A blast of music and as the ‘infectious and catchy’ melody and words of ‘By the rivers of Babylon’ and many others stream out last Sunday morning, there is a spontaneous crowding of the ‘floor’ by both men and women. MediScene is not at a dance class but at a ‘Cardiac Rehabilitation’ Programme on the [...]


A heart-felt dance, march and walk


A blast of music and as the ‘infectious and catchy’ melody and words of ‘By the rivers of Babylon’ and many others stream out last Sunday morning, there is a spontaneous crowding of the ‘floor’ by both men and women.

On the go: CDEM staff encourage physical activity. Pic by M.A. Pushpa Kumara

MediScene is not at a dance class but at a ‘Cardiac Rehabilitation’ Programme on the first floor of the Centre for Diabetes, Endocrinology and Cardio Metabolism (CDEM) down Norris Canal Road in Colombo 10.

There is laughter and banter, as the group marches and dances, thoroughly enjoying themselves on this lazy Sunday morning, with the health staff keeping a close eye on them. Earlier, we had seen people, one at a time, walking briskly along a line while being timed by the staff.

This is our introduction to a Cardiac Rehabilitation Programme, though essential but rare in the country. It has been initiated at CDEM in the private sector and the National Hospital in Colombo and the Kurunegala, Kandy, Kegalle and Avissawella Hospitals in the state sector.

Quoting the World Health Organization (WHO), it is Consultant Cardiologist Dr. Sampath Withanawasam who reiterates that ‘health’ is a state of complete physical, mental and social well-being and not merely the absence of disease or infirmity.

However, when a person falls victim to heart (coronary) disease or is struck down by a heart attack (myocardial infarction or MI), not only that person’s life but also that of his/her family changes forever.

There are tears and fears and Dr. Withanawasam throws light on the common psychological reactions to a heart attack — low mood, tearfulness, sleep disturbances, irritability, anxiety, acute awareness of minor somatic sensations or pain, poor concentration and memory and phobias and depression.

“This is the ‘forgotten side’ that we don’t address in Sri Lanka,” he says, focusing on Cardiac Rehabilitation which in other countries begins days before the patient who has suffered a heart attack is discharged from hospital.

The Cardiac Rehabilitation Programme is: “The coordinated sum of activities required to influence favourably the underlying cause of cardiovascular disease, as well as to provide the best physical, mental and social conditions so that the individuals may, by their own efforts, preserve or resume optimal functioning in their community and through improved health behaviour, slow or reverse progression of disease,” he says.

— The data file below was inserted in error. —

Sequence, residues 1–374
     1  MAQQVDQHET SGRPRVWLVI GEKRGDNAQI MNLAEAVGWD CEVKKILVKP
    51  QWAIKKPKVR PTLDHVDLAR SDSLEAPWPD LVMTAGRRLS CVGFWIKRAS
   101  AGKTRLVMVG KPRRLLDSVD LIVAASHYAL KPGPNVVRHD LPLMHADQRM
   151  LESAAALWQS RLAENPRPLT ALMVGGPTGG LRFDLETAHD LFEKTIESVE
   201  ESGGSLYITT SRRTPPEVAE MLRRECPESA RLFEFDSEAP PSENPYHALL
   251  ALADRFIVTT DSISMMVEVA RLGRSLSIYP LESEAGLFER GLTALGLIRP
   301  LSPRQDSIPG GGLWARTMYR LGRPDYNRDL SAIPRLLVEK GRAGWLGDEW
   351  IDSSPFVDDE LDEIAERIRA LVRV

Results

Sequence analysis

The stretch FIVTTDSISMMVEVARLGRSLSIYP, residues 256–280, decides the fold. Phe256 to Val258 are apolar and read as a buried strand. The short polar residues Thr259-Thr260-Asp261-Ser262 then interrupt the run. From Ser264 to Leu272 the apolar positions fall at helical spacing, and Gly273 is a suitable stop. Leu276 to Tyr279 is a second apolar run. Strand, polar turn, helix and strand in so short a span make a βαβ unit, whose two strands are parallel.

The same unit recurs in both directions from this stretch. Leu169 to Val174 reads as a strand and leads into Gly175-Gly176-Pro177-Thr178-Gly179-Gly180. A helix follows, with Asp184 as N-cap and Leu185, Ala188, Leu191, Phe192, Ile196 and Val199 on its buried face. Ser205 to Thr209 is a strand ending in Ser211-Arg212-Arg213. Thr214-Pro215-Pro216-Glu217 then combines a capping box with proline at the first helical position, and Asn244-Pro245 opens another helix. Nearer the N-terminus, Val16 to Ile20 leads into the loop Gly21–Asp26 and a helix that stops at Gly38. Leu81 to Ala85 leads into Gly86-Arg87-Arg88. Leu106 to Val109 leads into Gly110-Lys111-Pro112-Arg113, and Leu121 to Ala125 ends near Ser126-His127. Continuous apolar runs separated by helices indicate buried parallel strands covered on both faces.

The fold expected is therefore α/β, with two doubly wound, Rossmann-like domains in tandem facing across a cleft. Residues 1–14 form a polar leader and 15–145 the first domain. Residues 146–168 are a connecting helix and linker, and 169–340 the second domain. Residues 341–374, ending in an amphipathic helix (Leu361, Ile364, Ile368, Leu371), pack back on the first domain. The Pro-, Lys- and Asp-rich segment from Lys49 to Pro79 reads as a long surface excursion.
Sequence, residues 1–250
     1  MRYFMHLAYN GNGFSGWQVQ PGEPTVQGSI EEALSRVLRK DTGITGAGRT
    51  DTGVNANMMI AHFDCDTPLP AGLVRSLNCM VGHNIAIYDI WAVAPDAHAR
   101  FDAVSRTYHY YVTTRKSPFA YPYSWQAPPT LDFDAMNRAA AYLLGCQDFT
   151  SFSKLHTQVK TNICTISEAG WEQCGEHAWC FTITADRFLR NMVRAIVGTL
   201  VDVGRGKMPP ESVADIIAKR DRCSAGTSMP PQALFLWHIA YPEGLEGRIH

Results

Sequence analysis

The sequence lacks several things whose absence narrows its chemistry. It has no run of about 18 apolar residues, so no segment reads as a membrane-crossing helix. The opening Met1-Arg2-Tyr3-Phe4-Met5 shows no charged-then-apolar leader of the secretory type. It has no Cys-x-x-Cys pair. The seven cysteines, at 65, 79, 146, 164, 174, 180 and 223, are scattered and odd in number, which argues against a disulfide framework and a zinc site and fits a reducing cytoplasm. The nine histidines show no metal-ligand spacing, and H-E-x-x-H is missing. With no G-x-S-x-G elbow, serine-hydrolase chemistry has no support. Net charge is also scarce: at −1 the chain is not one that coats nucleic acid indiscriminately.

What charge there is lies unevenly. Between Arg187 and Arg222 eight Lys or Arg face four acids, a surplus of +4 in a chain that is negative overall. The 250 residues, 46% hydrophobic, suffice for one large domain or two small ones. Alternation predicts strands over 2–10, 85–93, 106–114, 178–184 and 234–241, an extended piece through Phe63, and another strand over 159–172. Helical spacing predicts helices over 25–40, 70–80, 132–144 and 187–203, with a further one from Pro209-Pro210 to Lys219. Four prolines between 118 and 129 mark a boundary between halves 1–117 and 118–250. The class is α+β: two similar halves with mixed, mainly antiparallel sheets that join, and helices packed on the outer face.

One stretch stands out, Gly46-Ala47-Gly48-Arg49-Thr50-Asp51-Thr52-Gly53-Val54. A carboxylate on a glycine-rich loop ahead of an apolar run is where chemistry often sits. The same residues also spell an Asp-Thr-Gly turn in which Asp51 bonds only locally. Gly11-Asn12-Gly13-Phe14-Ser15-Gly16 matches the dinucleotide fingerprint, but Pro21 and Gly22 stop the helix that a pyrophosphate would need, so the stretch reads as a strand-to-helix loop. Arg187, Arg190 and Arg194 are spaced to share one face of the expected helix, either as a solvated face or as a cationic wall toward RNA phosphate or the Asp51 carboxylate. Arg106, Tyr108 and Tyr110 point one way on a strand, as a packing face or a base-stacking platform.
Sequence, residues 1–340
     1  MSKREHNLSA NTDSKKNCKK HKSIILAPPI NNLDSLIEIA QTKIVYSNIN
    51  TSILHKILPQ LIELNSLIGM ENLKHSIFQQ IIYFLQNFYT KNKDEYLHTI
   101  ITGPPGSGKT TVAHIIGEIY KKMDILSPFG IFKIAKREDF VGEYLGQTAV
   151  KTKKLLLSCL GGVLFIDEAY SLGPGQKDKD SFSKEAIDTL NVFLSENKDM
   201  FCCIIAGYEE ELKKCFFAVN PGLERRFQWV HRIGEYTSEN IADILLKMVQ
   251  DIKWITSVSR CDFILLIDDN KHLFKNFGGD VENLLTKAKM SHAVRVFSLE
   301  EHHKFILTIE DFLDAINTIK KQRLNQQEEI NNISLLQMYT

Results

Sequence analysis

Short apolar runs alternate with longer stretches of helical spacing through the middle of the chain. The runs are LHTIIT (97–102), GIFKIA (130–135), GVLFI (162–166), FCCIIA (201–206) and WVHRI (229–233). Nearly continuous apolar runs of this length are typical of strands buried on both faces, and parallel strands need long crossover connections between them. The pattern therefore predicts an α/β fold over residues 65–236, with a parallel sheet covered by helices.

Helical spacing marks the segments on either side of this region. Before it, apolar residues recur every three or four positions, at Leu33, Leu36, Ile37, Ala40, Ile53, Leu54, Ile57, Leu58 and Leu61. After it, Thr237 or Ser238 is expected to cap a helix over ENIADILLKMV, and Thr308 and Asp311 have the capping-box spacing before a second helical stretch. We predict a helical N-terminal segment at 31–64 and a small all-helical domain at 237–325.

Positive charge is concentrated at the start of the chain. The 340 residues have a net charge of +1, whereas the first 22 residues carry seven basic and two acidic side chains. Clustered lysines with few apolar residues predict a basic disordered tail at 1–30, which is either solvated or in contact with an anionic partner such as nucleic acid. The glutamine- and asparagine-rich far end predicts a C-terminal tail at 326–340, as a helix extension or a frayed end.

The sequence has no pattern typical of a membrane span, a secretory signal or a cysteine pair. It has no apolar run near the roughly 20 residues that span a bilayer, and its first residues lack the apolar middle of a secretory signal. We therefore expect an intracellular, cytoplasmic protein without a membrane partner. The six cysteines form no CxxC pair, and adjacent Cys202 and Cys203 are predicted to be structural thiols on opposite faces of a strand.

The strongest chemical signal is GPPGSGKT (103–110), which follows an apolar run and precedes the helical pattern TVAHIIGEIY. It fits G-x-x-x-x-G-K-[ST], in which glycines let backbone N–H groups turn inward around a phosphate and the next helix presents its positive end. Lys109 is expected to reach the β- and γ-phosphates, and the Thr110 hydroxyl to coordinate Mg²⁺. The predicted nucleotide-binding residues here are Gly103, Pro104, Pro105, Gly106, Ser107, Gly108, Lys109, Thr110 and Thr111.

He reiterates that Cardiac Rehabilitation is a multidisciplinary and multifaceted intervention that aims to restore wellbeing and retard disease progression in a patient with heart disease.

This multidisciplinary and multifaceted intervention or simply put ‘team effort’ is what we see at CDEM, during the Cardiac Rehabilitation Programme introduced with the support of Senior Consultant Cardiologist Dr. Vajira Senaratne and being carried out by Dr. Withanawasam along with Dr. Manori Jayawardena as well as other health staff.

The team under whose care the rehabilitation takes place includes cardiologists, physicians, medical officers, nurses, a physiotherapist, a psychosocial therapist, an occupational therapist, a pharmacist and also family members

Cardiac Rehabilitation, points out Dr. Withanawasam, improves the quality of life, functional capacity, early return to work and self-management.

Those who need Cardiac Rehabilitation include patients who have had a primary diagnosis within the previous year of one or more of these conditions:

Dr. Vajira Senaratne

Angina — chest pain, discomfort, pressure or even a feeling of the chest being squeezed. This occurs when the heart muscle does not get adequate oxygen-rich blood. There could also be discomfort in the shoulders, arms, neck, jaw or back. Even though angina is not a disease, it is a red signal that the heart is not getting enough blood flow and oxygen and could lead to a life-threatening heart attack or stroke.
Acute coronary syndrome — an ‘umbrella’ term for situations where the blood supplied to the heart muscle is suddenly blocked.
Coronary artery bypass grafting (CABG, bypasses or heart bypass) – this is a surgical procedure to restore the normal flow of blood in an obstructed coronary artery.

Percutaneous coronary intervention (PCI, earlier known as angioplasty with stent) – this a non-surgical procedure in which a catheter is used to insert a stent to open up the heart’s blood vessels narrowed by a build-up of plaque.

Heart-valve surgical repair or replacement
Heart or heart/lung transplantation
Chronic stable heart failure
It is not just one aspect but the whole picture that Cardiac Rehabilitation covers, MediScene learns. It involves the assessment of personal risk factors, education and support to make healthy lifestyle changes including weight control, heart-healthy eating and quitting smoking, starting and maintaining a personalized exercise plan and also monitoring and better control of diabetes, blood pressure, cholesterol as well as a psychological assessment and counselling.

Pointing out that it is not just PCI, CABG and/or drugs that improve health, the quality of life and productivity, Dr. Withanawasam adds that there is a lot more to consider……and he speaks with evidence in hand, for research in other countries has shown that Cardiac Rehabilitation reduces all-cause mortality (death) by 11-26%; cardiac mortality by 26- 36%; and unplanned hospital admissions by 28-56%.
This clearly points the way – if Cardiac Rehabilitation cuts death rates and hospitalization that is the path to tread.


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